Diane T. Levine
So why have you added me? Adolescent girls’ technology-mediated attachments and relationships
Levine, Diane T.; Stekel, Dov J.
DOV STEKEL DOV.STEKEL@NOTTINGHAM.AC.UK
Professor of Computational Biology
Technology plays an almost ubiquitous role in contemporary British society. Despite this, we do not have a well-theorised understanding of the ways adolescent girls use digital devices in the context of their developing secure relationships with their families and friends. This study aims to address this gap in understanding. Fifteen young women based in the Midlands and from across the socio-economic spectrum participated between 2012 and 2013. Participants completed three research tools exploring technology-mediated attachment and relationships, and participated in a face-to-face interview. The findings suggest that it is possible for girls to develop attachments with others through, and with, technology; technology use brings people together and mediates relationships in a range of ways encapsulated by attachment functions. The study highlights the ongoing importance of parental and peer relationships by suggesting that technology can act as a means by which the positive and negative attributes of existing relationships can be amplified.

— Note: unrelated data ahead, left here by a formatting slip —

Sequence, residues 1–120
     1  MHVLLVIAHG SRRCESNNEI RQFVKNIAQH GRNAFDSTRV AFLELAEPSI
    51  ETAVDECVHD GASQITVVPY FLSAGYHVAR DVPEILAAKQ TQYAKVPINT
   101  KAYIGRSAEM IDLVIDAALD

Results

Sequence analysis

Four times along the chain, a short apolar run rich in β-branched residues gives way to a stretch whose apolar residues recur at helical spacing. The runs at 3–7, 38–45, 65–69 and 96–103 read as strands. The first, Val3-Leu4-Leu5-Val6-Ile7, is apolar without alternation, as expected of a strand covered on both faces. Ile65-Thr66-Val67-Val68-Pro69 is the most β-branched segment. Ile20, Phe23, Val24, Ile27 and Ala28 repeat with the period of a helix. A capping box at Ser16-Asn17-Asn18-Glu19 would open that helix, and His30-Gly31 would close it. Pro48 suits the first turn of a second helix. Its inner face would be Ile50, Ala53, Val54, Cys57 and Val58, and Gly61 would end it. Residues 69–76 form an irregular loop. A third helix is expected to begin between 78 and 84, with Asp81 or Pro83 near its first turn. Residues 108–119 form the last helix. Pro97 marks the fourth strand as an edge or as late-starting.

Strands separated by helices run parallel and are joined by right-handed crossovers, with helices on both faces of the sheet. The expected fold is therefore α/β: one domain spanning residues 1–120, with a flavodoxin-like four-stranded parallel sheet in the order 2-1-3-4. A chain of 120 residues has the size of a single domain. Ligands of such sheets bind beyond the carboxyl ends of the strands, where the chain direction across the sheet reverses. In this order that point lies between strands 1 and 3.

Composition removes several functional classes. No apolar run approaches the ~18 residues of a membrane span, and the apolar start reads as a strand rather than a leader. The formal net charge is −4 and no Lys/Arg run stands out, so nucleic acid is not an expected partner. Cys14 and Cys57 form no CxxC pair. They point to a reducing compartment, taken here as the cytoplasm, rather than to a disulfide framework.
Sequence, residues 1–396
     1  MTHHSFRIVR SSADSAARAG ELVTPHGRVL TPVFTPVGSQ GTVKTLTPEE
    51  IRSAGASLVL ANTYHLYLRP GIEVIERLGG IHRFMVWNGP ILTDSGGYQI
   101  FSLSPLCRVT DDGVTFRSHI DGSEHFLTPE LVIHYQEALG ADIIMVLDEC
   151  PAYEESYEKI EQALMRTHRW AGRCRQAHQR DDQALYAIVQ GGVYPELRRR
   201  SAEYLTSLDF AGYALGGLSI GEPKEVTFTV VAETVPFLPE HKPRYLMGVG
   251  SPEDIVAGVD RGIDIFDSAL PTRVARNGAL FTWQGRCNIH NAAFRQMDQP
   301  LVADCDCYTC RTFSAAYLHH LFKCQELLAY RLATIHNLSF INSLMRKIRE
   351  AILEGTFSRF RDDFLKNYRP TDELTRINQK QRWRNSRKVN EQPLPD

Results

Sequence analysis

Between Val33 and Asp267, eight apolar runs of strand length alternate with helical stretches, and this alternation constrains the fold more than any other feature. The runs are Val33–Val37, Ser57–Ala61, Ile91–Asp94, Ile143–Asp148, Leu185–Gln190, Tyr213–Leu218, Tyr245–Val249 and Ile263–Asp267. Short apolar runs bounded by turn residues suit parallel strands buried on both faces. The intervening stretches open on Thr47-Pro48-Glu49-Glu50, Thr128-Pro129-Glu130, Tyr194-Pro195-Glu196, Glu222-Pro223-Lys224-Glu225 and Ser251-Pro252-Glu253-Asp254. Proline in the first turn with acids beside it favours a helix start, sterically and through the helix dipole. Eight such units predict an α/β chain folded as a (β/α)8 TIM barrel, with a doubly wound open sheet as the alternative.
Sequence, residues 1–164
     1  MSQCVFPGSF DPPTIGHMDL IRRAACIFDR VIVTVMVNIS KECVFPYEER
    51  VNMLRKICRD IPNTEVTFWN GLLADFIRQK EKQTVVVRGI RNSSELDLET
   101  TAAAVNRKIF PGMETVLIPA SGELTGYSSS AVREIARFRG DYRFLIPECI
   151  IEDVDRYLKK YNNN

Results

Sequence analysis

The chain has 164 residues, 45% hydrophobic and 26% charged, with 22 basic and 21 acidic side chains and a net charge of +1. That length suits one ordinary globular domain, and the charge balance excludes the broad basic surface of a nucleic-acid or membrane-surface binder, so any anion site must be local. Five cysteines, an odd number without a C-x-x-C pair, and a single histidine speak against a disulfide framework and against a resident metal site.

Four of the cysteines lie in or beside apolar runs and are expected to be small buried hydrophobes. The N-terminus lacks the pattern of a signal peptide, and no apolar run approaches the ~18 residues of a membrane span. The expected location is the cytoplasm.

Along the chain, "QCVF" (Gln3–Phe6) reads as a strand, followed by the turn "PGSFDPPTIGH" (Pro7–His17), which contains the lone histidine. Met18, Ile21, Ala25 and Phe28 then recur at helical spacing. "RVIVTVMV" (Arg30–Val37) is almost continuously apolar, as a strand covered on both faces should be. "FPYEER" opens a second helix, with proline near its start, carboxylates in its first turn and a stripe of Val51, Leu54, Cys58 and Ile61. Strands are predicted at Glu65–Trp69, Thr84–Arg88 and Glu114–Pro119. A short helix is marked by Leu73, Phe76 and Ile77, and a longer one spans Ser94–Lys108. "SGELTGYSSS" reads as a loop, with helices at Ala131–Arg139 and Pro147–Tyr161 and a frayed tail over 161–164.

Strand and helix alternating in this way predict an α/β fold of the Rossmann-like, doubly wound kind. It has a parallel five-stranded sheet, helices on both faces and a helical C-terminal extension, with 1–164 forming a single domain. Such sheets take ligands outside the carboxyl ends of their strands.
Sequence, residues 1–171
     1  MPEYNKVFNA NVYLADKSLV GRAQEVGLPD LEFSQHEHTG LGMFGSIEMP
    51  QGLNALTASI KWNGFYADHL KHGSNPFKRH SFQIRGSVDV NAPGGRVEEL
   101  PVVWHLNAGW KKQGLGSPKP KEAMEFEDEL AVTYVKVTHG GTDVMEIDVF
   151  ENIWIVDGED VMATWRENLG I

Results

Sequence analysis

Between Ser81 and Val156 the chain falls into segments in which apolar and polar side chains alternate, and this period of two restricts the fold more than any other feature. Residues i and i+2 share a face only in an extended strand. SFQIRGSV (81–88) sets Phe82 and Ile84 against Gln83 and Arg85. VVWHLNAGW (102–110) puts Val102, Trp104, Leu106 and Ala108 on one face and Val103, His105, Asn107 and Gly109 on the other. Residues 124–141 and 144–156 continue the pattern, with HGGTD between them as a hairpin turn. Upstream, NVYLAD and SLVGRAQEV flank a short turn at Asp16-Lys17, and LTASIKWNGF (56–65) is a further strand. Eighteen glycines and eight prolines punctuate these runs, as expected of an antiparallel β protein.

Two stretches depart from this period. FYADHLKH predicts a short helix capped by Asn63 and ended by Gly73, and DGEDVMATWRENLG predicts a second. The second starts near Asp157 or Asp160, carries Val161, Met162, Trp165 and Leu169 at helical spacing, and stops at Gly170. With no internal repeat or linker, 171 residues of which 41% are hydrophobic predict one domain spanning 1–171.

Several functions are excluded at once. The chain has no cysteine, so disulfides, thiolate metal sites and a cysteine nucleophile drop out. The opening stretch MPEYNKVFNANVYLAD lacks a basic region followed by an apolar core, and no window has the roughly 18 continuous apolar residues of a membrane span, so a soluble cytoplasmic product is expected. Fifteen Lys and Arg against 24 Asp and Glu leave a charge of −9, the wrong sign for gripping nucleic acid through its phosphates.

|Journal Article Type||Article|
|Publication Date||Oct 1, 2016|
|Journal||Computers in Human Behavior|
|Peer Reviewed||Peer Reviewed|
|APA6 Citation||Levine, D. T., & Stekel, D. J. (2016). So why have you added me? Adolescent girls’ technology-mediated attachments and relationships. Computers in Human Behavior, 63, 25-34. doi:10.1016/j.chb.2016.05.011|
|Keywords||Human-Computer Interaction; Arts and Humanities (miscellaneous); General Psychology|
You might also like
First report of antimicrobial resistance pre-dates penicillin